The Reality of Doing

Real Speech Acts in the Theatre
  • David Z. Saltz


Theatre scholar Bernard Beckerman defines theatre as a show of “illusion” that displays “people pretending to do something. Whatever they do is a representation of some other action.”1 This definition makes explicit a view that many theatre and performance theorists take for granted. In particular, the dichotomy between stage action and “real” action is integral to semiotic theories of theatre, according to which stage action stands to real action as a signifier to a signified. As theatre semiotician Keir Elam writes: “What converts objects, people and action into signs on stage … is the removal of the performance from praxis. This may seem self-evident and commonplace, but upon this simple act of severance rests the whole power of theatrical semiosis, indeed its very existence.”2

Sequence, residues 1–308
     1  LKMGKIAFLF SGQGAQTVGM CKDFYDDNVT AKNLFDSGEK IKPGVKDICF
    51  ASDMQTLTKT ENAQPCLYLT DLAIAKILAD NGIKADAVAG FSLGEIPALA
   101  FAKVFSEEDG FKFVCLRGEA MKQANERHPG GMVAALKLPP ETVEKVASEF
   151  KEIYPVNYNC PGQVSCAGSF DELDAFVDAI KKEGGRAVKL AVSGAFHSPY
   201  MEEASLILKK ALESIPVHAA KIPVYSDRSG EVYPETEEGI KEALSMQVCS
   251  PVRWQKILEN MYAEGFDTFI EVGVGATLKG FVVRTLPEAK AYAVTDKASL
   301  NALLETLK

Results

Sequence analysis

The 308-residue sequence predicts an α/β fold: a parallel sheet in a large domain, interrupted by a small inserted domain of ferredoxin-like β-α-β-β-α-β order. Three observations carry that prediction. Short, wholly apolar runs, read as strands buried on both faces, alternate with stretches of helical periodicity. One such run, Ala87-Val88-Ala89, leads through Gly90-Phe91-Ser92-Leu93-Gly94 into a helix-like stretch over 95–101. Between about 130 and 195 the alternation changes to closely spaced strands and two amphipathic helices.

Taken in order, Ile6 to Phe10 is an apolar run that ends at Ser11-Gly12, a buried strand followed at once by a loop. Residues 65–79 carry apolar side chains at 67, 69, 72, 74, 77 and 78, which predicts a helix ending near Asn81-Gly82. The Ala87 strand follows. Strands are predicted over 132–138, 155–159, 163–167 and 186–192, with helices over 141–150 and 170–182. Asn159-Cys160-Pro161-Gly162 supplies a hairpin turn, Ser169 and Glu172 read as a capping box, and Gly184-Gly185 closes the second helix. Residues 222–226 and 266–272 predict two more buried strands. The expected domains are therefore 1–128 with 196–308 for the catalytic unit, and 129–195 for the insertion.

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Copyright information

© David Krasner 2000

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  • David Z. Saltz

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